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Entebbe Airport Expansion Plan Involves Displacing Kigungu Village Residents



Entebbe Airport Expansion Plan Involves Displacing Kigungu Village Residents
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The Uganda Civil Aviation Authority (UCAA) has unveiled plans to displace residents of Kigungu village to make way for the extensive development and expansion of Entebbe airport.

This proposal was presented by UCAA officials during a site visit and discussion with members of the parliamentary committee on works and infrastructure. UCAA Director General Fred Bamwesigye revealed to MPs that over time, individuals had settled and developed properties on land owned by the airport.

Currently occupying 1.5 hectares, the airport, to meet future international standards, would require an expanse of five hectares. However, acquiring this additional land would potentially involve relocating the residents of Kigungu.

Some MPs suggested expanding the airport by procuring land across the water strip in neighboring Buwaya if moving the settled residents in Kigungu proved to be costly. As air traffic through Entebbe grows, the airport is contemplating the development of a third runway.

Discussions are ongoing with the affected residents to ascertain their tenancy status before determining the land’s value for compensation and relocation. Yet, UCAA faces financial constraints for compensation and looks to the government for a resolution.

Expansion works have already affected neighboring government institutions under the Ministry of Agriculture. Proposals to relocate these institutions, including the National Animal Genetic Resources Centre (NAGRIC), face significant challenges due to the expense of relocating established installations.

The parliamentary committee, led by Vice Chairman Tony Awany, visited the site to evaluate the progress and costs of the ongoing refurbishment and expansion works. The current passenger terminal is undergoing renovation to meet global standards, with two extensions being constructed to amalgamate into a single development interconnected by bridges.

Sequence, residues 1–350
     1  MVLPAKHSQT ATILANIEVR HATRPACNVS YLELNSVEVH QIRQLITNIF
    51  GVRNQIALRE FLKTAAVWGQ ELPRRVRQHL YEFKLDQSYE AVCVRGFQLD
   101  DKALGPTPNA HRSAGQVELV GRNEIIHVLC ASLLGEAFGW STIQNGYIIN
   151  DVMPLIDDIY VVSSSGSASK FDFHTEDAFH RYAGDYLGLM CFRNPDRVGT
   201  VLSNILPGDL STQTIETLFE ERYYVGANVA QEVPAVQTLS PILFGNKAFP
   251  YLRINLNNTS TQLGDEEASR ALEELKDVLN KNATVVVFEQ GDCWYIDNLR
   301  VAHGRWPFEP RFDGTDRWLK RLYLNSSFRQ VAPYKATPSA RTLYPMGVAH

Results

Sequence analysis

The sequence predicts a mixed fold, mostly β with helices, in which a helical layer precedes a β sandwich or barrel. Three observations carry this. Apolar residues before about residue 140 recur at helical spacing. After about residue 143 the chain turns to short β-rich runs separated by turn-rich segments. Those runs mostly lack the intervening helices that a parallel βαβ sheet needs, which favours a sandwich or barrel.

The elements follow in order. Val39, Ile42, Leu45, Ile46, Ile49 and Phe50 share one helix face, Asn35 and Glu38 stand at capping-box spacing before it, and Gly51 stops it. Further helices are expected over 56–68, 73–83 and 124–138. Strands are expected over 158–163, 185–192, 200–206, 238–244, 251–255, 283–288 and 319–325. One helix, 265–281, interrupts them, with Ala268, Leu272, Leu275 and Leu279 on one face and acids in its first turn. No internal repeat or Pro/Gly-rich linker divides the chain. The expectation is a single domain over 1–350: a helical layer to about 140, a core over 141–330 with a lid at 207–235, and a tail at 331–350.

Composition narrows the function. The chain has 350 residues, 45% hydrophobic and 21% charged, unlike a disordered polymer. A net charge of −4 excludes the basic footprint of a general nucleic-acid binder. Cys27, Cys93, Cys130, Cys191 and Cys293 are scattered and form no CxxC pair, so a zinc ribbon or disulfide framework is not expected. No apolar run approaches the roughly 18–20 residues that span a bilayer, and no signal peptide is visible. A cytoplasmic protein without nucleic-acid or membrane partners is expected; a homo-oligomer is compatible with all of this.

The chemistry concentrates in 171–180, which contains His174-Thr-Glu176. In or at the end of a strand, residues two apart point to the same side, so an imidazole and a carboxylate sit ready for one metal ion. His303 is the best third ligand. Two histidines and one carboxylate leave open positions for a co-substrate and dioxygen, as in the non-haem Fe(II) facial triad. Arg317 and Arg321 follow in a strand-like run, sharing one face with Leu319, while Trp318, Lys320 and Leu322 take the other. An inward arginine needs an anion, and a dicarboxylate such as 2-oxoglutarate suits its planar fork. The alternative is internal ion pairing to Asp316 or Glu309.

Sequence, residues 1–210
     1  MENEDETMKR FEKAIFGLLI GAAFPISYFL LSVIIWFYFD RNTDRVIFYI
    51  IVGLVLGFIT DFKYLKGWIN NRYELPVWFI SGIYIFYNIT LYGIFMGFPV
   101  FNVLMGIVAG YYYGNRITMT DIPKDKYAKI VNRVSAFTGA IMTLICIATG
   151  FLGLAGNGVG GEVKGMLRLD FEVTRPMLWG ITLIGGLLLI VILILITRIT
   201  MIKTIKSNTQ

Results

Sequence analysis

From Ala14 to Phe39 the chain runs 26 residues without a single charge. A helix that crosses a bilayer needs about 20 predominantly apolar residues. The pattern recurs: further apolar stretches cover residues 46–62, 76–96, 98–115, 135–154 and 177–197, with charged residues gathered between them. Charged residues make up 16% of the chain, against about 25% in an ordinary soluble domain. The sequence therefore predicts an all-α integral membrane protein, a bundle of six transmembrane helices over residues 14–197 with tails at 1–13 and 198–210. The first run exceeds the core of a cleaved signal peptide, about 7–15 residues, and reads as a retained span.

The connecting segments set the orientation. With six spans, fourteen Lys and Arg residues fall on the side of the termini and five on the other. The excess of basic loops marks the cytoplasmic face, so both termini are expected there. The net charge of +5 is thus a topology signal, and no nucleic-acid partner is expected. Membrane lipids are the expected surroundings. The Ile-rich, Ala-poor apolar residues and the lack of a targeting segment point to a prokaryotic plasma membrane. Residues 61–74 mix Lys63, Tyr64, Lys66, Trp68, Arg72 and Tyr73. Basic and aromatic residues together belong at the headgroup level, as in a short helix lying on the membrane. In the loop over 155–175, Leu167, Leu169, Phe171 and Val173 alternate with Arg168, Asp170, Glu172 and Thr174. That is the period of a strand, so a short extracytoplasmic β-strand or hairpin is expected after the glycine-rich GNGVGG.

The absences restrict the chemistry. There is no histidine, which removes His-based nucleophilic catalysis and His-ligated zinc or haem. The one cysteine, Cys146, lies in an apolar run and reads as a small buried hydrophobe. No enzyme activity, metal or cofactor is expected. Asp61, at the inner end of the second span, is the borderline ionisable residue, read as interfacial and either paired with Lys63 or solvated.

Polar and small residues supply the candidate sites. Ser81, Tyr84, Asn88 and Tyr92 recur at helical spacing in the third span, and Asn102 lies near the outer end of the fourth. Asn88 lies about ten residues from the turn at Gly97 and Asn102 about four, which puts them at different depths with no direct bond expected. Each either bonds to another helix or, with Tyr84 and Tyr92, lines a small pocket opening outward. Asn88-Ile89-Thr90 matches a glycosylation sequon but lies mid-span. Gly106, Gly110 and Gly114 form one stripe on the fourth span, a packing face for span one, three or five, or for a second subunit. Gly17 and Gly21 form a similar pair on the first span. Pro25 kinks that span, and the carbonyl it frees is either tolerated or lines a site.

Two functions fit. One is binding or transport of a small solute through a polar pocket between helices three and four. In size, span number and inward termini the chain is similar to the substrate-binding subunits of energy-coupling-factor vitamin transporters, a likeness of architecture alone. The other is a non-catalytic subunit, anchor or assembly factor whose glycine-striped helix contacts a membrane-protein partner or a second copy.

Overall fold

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Initiated in 1967 and completed in 1972 during different regimes, the airport’s construction is presently undertaken by the UPDF engineering brigade with support from the Korea International Cooperation Agency (KOICA).

Efforts are aimed at completing the refurbishment and expansion before major events, including the Pan African Parliamentary Conference and the Non-Aligned Movement (NAM) scheduled for the coming year.

Updates on the modernization plan include improved access for motorists directly into the terminal, expanded office spaces, facilities for relaxation, and an increase in commercial areas such as shops and restaurants.

The MPs additionally urged UCAA to focus on developing upcountry aerodromes to facilitate inland transport and tourism. UCAA Director General Bamwesigye highlighted ongoing plans to increase active aerodromes from five to 13, aligning with the National Development Plan III.

Suggestions were made by MPs for increased business opportunities for local Ugandans at the airport. UCAA management indicated prior attempts, but highlighted the challenge of sustaining local businesses post-establishment.

Regarding Uganda Airlines Ltd, MP James Kaberuka sought preferential treatment, to which Bamwesigye explained the limitations imposed by international regulations preventing overt favoritism towards specific aviation entities.

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